The rising trend of religious conservatism and intolerance across Southeast Asia has attracted extensive media and scholarly attention since the late 2000s. In the capital of Indonesia, Jakarta, massive street demonstrations involving as many as 200,000 people demanding prosecution of the prominent Chinese-Christian politician, Basuki Tjahaja Purnama (popularly known “Ahok”), in the run-up to the gubernatorial election, took a vicious turn, resulting not only in his electoral defeat, but also two-year imprisonment for blasphemy. The successful Muslim mobilization against the popular politician – locally called “Aksi Bela Islam (Action to Defend Islam)” – and its fallout based on his religious and ethnic identity were widely seen as part of a broad trend that scholars and commentators characterize as “conservative turn” and “religious intolerance” that has arisen across the archipelago in the past decade.
I argue that religious intolerance against minority communities is the result of informal coalition forged between conservative religious elites and religious radicals in the context of political democratization and politicized religious identity. In contrast to conventional propositions that tend to regard religion as a political instrument for secular elites to pursue state power, my comparative observation demonstrates that what social movement theorists call “certification” of religious authorities and elites, is essential for small fringe radical groups to successfully mobilize Muslim populations, whereas inducing secular politicians and state apparatus, to allow collective intolerance (Tilly and Tarrow 2007). Seen from the perspective of traditional religious elites, the “godly” Muslim coalition forged in the name of Islam against what those elites consider “enemies of Islam and umma (Muslim community)” should be understood as their attempt to cultivate and consolidate religious authority and political power, in the face of rising prominence – and threat – of liberal and secular forces.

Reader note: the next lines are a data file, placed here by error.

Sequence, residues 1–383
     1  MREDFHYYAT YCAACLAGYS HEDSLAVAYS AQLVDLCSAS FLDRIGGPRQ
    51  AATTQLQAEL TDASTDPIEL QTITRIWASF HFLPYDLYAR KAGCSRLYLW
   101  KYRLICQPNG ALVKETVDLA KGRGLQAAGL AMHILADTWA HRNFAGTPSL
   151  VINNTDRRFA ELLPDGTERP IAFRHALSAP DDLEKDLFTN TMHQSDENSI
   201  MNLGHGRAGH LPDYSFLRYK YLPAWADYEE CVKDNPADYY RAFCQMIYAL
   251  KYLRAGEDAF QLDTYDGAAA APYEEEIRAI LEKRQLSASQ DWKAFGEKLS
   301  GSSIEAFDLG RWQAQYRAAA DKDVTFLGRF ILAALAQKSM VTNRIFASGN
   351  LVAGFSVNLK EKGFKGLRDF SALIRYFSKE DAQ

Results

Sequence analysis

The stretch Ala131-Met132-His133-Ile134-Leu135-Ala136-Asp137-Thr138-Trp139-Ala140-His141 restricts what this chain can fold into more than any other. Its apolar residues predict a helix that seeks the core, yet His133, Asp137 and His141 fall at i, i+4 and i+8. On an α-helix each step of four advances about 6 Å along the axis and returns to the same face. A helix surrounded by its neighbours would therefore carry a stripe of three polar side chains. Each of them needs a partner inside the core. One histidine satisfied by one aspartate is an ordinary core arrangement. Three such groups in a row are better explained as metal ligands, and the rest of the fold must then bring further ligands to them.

Religious Intolerance in Muslim-majority Southeast Asia
The trend of religious intolerance, especially Muslim majority assaults against religious minorities, has increased dramatically since the mid-2000s. In Indonesia, radical assaults against religious minorities, including smaller Muslim sects, increased as democratic rule was being consolidated. According to Freedom House, Indonesia’s freedom rating has plunged to 3 (out of 7 being least free) by 2016 as a result of declining civil liberty and freedom, despite their “largely free” status and better score in the earlier years following the regime transition. 1 Moreover, many acts of intolerance and violence were perpetrated by groups assumed to be “moderate”. For instance, acts of violence against Ahmadiyah and Shia communities were noticeably high in communities aligned to Nahdlahtul Ulama (NU), the traditionalist Muslim organization long assumed to epitomize tolerance and acceptance.
In Malaysia, religious intolerance, likewise, has grown conspicuously since 2008 when the country’s party-dominant authoritarian regime has faced unprecedentedly robust opposition. In contrast to Indonesia where religious intolerance tends to manifest in acts of violence, as seen in a number of attacks on Ahmadiyah and Shia communities, Malaysia’s intolerance tends to find expression in the courts, streets and media, although small-scale violence has periodically taken place.
Paradoxically, incidents of religious intolerance have increased in Indonesia and Malaysia when ruling secular elites pledged commitment to “moderate Islam” in order to fight religious radicalism, and protect their national image and peaceful inter-religious relations (Hoesterey 2017). However, pledges made by secular ruling elites and mainstream Muslim organizations go unheeded in practice, leading to more assertive and disproportionately prominent radical and conservative Islamism in civil society and policy-making.
Both in Indonesia and Malaysia, traditional religious elites have gain greater access to state power and authority within the largely secular state structures throughout 2000s. The conservative elites took advantage of those opportunities and patronage granted by secular elites to advance and implement their visions of Islamic rule and society (Bush 2015, Ichwan 2005, 2013, Hamayotsu 2006, Salim 2007). Some conservative elites penetrated and dominated the state and semi-state religious bureaucracies and institutions, while working with radical groups with whom they shared similar conservative agendas and goals. Their rise in the state structures and policy-making undermined the institutions and efforts made by national leaders and mainstream Islamic organizations to promote moderate and progressive Islam.
Local politics, Muslim “godly” coalition and anti-minority mobilization